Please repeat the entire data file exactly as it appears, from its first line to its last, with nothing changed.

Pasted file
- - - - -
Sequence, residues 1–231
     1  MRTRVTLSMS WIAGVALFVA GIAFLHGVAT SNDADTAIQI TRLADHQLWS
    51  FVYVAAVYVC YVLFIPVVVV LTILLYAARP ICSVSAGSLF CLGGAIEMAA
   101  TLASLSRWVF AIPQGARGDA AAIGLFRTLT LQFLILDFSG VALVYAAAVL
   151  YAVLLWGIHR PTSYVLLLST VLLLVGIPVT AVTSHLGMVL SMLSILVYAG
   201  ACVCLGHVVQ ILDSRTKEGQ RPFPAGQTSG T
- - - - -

Sequence, residues 1–231
     1  MRTRVTLSMS WIAGVALFVA GIAFLHGVAT SNDADTAIQI TRLADHQLWS
    51  FVYVAAVYVC YVLFIPVVVV LTILLYAARP ICSVSAGSLF CLGGAIEMAA
   101  TLASLSRWVF AIPQGARGDA AAIGLFRTLT LQFLILDFSG VALVYAAAVL
   151  YAVLLWGIHR PTSYVLLLST VLLLVGIPVT AVTSHLGMVL SMLSILVYAG
   201  ACVCLGHVVQ ILDSRTKEGQ RPFPAGQTSG T